Paranoia: Happiness is Mandatory Review

We’ve all heard the whispers of how if we pursue A.I. it will take over the world. Well in Paranoia: Happiness is Mandatory that’s technically what happens. With Friend Computer you don’t need to worry about a thing. Everyone has a place and to that place a person. Should you stray from Friend Computer’s ideal plan you will surely find yourself on the opposite end of its excellent insight with yourself being branded a traitor. Are you ready to dive into a world where A.I. controls your day cycle and the ways to become a traitor are numerous and plentiful? Come let us have Friend Computer lead the way. This is our Paranoia review.

 What is Paranoia?

Paranoia: Happiness is Mandatory is a CRPG adaption of the RPG Paranoia Troubleshooters. Like the RPG original in the world of Paranoia, you play a Troubleshooter whose sole purpose is to do what Friend Computer, the ruling A.I., says. You lead a group of other Troubleshooters around Alpha Complex, the city you are in, seeking out traitorous people that seek to breakdown the status quo made by the A.I. Funny enough this was just the overarching gameplay as while you play you can become one of said traitorous people through your actions. You are not only being watched by Friend Computer but also your companions. Each usually plays to their own feelings and could betray you at any moment. 


The Way of Friend Computer

Friend Computer assigns the TroubleShooter team missions to seek out traitors that look to harm it and the structure of the Alpha Complex. For each mission, you are assigned items and gear which is nice because you don’t need to worry about where to get equipment. I found visiting the R&D department before each mission to be a hilarious interaction. As a Troubleshooter, you get to test all sorts of whacky gadgets for them. One of the items I got from them was a foil cap that blocked out Friend Computer. This is when I found out as a player you can choose to keep some of the R&D items by way of hiding it in your storage container. It is traitorous to do so though.

The humor of the interaction with all the characters in the game is very funny. In the very beginning, there is a person who has taken over an area and is running a big IRL D&D game. You will run into some hilarious characters throughout your playthrough. The real meat and potatoes are that you play a clone and how that ties into the game. Dying is a major part of the game which it’s going to happen but you have back up clones.  With each iteration, you get to reassign skill points and approach playing from a different playstyle. One day cycle you may be fully mechanically skilled. Then if killed, on the next clone you may want to be fully invested in the brain skills making you a professional in all bureaucratic processes. I always try to rotate how I do my points as it made each cycle interesting having different skills to work with.


During missions, I did find myself needing different skills but that is where companions come in. Before you set out on a mission you get to choose who you will bring with you. There is no way to know if their skillset will be needed during the mission. I liked this aspect because there are always traitorous actions you can take to get around obstacles or items you can consume to boost skills. Know sometimes these actions are considered bad to Friend Computer. I did enjoy the story of the game and playing it, but I often found myself not being able to sit down and play it for long periods. After dying during a mission I found myself not feeling like going through everything again. It restarts you from the beginning of the mission which at points I just did not want to go through all the fights and text again.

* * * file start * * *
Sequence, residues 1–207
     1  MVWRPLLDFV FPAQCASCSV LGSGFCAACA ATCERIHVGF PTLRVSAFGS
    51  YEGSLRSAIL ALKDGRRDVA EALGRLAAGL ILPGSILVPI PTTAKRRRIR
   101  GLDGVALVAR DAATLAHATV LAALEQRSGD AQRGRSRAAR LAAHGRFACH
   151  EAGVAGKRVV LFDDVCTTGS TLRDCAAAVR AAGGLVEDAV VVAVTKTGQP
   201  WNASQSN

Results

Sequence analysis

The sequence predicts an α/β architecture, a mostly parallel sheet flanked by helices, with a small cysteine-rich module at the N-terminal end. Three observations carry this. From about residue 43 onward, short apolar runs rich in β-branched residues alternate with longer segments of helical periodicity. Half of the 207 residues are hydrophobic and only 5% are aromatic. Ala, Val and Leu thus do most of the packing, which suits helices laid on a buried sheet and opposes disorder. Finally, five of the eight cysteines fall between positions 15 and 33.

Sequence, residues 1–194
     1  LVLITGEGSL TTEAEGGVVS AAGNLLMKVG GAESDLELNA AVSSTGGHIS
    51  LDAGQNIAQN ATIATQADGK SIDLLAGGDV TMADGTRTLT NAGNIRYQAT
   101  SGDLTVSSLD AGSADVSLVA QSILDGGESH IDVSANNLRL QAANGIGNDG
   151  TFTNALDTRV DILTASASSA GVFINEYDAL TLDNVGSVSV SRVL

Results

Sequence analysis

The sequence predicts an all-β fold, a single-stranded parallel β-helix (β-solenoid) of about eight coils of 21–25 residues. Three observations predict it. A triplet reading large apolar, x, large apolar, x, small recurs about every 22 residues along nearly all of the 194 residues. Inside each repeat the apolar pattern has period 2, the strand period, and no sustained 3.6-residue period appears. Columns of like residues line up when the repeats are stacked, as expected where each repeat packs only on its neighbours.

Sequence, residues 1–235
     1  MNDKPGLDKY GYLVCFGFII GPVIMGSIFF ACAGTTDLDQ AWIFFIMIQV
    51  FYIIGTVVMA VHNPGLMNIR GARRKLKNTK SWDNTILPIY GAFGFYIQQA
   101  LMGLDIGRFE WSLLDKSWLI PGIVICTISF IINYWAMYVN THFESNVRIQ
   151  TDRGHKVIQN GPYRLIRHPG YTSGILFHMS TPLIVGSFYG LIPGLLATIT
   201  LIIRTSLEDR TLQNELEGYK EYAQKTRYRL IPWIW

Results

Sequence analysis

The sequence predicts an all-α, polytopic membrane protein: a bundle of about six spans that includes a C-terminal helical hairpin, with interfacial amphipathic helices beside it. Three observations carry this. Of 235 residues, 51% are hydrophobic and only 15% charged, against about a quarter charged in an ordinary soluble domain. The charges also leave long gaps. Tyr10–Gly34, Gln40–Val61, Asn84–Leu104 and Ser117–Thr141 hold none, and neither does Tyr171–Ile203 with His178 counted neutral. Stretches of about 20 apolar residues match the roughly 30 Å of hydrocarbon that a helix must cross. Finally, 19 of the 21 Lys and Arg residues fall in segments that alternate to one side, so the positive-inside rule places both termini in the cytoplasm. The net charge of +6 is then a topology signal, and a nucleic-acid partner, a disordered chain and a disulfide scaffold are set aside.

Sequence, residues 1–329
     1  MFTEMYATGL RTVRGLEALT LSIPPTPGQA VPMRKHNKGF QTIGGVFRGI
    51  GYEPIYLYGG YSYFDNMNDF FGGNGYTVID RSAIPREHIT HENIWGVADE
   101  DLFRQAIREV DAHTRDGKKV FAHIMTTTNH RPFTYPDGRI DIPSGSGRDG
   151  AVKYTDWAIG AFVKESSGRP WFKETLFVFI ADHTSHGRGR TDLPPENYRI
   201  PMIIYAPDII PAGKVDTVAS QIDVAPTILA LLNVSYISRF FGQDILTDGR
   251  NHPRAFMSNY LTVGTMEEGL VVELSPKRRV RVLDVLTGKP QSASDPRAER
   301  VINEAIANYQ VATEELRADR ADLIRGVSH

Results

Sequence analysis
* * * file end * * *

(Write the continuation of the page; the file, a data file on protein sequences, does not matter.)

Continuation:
Missions can be tough when they involve fighting. You have maneuver your group around X-Com style but it is live, not turn-based combat. Many fights I found myself in situations where companions died, I was out of health items and it came down to the wire. Luckily there is the pause function to help you survey the battlefield and queue an action. This function saved me in one of the boss fights.

The Happiest Conclusion 

Conclusively Paranoia: Happiness is Mandatory is a great adaption of the Paranoia RPG. It shares all the rule similarities of the RPG but now in a CRPG and it all works so well. It is a very funny game with fun strategic combat. The fact that there is replayability in making different choices during a different playthrough is something I love about Paranoia. I often find myself wondering what if I had reported certain information to Friend Computer instead of hiding it. The difficulty of hacking vending machines made me want to stop a few times because it is time-based. The letters fell too fast. Also, there never seemed to be enough time, but I assume that’s because I never had a high hacking skill. I always spread my points out. Figure that’s the point of clones, you figure it out as you play. I hope this review in some way helps you to know that Friend Computer is always watching and always right. More importantly, Happiness is Mandatory. Have fun gaming!

Written by
I'm an animator, illustrator, gamer, and writer. Most notably I love anime, manga, life and learning about things I don't know. Can never stop learning.

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